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October 18, 2010



Cleatus the Robot,’ is the official mascot of Fox NFL Sunday, named by a viewer during a contest in the winter of 2007 in which fans were able to submit entries as to what they thought the robot’s name should be. Cleatus made his first appearance during the 2005-2006 NFL season, but was not used regularly until the following season. Cleatus mainly appears during the intro sequence of the show as well as brief commercials for movies and TV shows.

In commercials he commonly gets attacked by a CGI character from whatever the advertisement is about. He has thus far been attacked by Iron Man, a dragon, and a Terminator robot. Cleatus is also known to hop on two feet, play the electric guitar, shake out his limbs, and do dance moves such as the swim and the electric slide.  In response to Cleatus, NASCAR on Fox created ‘Digger,’ an animated gopher mascot.

September 20, 2010

Rat Fink

rat fink

Rat Fink is one of the several hot-rod characters created by artist Ed ‘Big Daddy’ Roth. Roth’s hatred for Mickey Mouse led him to draw the original Rat Fink, who came to symbolize the hot-rod and ‘Kustom Kulture’ scene of the 1950s and 1960s. Although Detroit native Stanley Mouse is credited with creating the so-called ‘Monster Hot Rod’ art form, Roth is accepted as the individual who popularized it. The Rat Fink is a green, depraved-looking mouse with bulging, bloodshot eyes, an oversized mouth with yellowed, narrow teeth, and a red T-shirt with yellow ‘R.F.’ on it. Other artists associated with Roth also drew the character, including Steve Fiorilla, who illustrated Roth’s catalogs.

A Rat Fink revival in the late 1980s and the 1990s centered around the West Coast grunge/punk rock movements. The term ‘fink’ was originally underworld slang for an informer, comparable to ‘stool pigeon.’ It is also thought to have been a toned-down form of ‘ratfucking,’ a slang term for playing dirty tricks.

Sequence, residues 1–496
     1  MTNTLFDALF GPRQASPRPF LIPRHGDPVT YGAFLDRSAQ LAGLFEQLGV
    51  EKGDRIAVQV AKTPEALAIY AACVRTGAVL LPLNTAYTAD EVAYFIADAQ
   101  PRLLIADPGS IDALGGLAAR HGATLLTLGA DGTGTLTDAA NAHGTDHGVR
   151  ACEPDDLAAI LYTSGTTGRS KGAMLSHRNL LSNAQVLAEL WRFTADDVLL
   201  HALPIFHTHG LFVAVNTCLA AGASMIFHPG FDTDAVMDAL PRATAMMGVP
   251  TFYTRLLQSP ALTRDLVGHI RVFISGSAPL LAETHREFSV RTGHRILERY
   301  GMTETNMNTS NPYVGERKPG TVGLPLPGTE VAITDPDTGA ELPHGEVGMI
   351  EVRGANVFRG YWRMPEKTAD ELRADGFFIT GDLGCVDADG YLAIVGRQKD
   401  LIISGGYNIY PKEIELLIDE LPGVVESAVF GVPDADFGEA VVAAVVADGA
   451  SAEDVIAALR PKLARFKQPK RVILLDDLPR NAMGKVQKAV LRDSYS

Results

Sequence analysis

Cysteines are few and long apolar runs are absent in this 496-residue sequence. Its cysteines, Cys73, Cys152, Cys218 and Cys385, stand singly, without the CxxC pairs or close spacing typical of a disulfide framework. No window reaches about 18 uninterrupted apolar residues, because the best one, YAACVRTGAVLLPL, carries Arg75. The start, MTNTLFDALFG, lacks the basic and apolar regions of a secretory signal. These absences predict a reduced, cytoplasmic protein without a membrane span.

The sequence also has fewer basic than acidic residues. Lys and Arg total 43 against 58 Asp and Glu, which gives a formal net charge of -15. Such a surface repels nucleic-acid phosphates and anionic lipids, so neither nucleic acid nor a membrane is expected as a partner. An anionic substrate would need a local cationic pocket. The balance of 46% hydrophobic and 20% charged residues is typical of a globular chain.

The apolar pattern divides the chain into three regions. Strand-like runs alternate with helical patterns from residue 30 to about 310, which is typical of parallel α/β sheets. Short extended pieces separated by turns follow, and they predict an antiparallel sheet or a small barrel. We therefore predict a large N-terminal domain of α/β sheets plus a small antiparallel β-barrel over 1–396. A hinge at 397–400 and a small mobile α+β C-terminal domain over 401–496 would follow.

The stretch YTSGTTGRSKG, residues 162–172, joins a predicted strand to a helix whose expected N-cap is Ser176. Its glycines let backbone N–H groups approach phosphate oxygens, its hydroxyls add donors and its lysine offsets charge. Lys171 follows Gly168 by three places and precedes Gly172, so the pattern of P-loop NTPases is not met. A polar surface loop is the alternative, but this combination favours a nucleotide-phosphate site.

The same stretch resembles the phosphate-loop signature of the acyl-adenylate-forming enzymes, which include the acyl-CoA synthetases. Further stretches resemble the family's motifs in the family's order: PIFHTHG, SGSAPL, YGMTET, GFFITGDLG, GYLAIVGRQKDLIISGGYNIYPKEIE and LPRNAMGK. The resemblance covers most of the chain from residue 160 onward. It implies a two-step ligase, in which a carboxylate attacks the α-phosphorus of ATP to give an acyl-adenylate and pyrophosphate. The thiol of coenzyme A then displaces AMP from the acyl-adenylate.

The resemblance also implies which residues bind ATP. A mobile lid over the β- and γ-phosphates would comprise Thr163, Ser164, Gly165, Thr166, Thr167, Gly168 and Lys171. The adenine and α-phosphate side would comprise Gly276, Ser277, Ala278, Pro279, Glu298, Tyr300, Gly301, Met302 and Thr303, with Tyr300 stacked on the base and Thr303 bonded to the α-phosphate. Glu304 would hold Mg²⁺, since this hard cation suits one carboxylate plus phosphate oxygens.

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September 13, 2010

Eddie the Head

2011 Final Frontier Tour

eddie for president

Eddie the Head is the mascot for the British heavy metal band Iron Maiden. He is a perennial fixture in the album cover art, as well as ever present in their live shows.The character was created by artist Derek Riggs. Riggs claimed that the design was based on a Japanese head he saw on a television documentary, hanging on the side of a burned out tank at the Matanikau River during the Battle for Henderson Field, October 24, 1942. The original Eddie was just a theatrical mask. It was connected to a pump that would eject various kinds of liquids, from food dye to paint, and would drool over Doug Sampson who was the drummer at the time.

The name originates from an old joke: Eddie the head was born with no body, no arms, and no legs. All he had was a head. But despite this major birth defect, his parents still loved him very much. So on his sixteenth birthday, his parents found a doctor that could surgically give Eddie a body. When the parents got home, they couldn’t wait to tell him that he could finally have a body and be like other normal people. When Eddie got there, they were really excited and said, ‘Have we got a surprise for you. It’s the best present ever!’ And Eddie said, ‘Oh no, not another f*****’ hat!’

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September 12, 2010



Domo Kun is the official mascot of NHK television station, appearing in several 30 second stop-motion interstitial sketches shown as station identification during shows. NHK is Japan’s national public broadcasting organization. The name ‘Domo’ was acquired during the second episode of his show in which a TV announcer said, ‘dōmo, konnichiwa,’ which is a greeting meaning something along the lines of, ‘Well, hello there!” but which can also be interpreted as ‘Hello, Domo!’ The suffix ‘kun’ is a Japanese honorific often used with young males.

September 10, 2010

Colonel Reb

col reb

Colonel Reb is the traditional sporting mascot of Ole Miss Rebels, the collegiate athletic teams of the University of Mississippi. Designed in the 1930s, the figure served as the teams’ official or near-official mascot from 1979 until 2003. To some people, he resembles a white antebellum plantation owner, but to others, he simply resembles the ideal of the ‘Southern gentleman’ of the Antebellum Age.

In 2003, the administration eliminated Colonel Reb from the sidelines at Ole Miss athletic events as the on-the-field mascot, though he was allowed at tailgating and other unofficial university functions. In a 2010 vote, Ole Miss students decided to choose a new mascot for the school. An internet campaign to replace Colonel Reb with fictional Star Wars character Admiral Ackbar has gained popular support.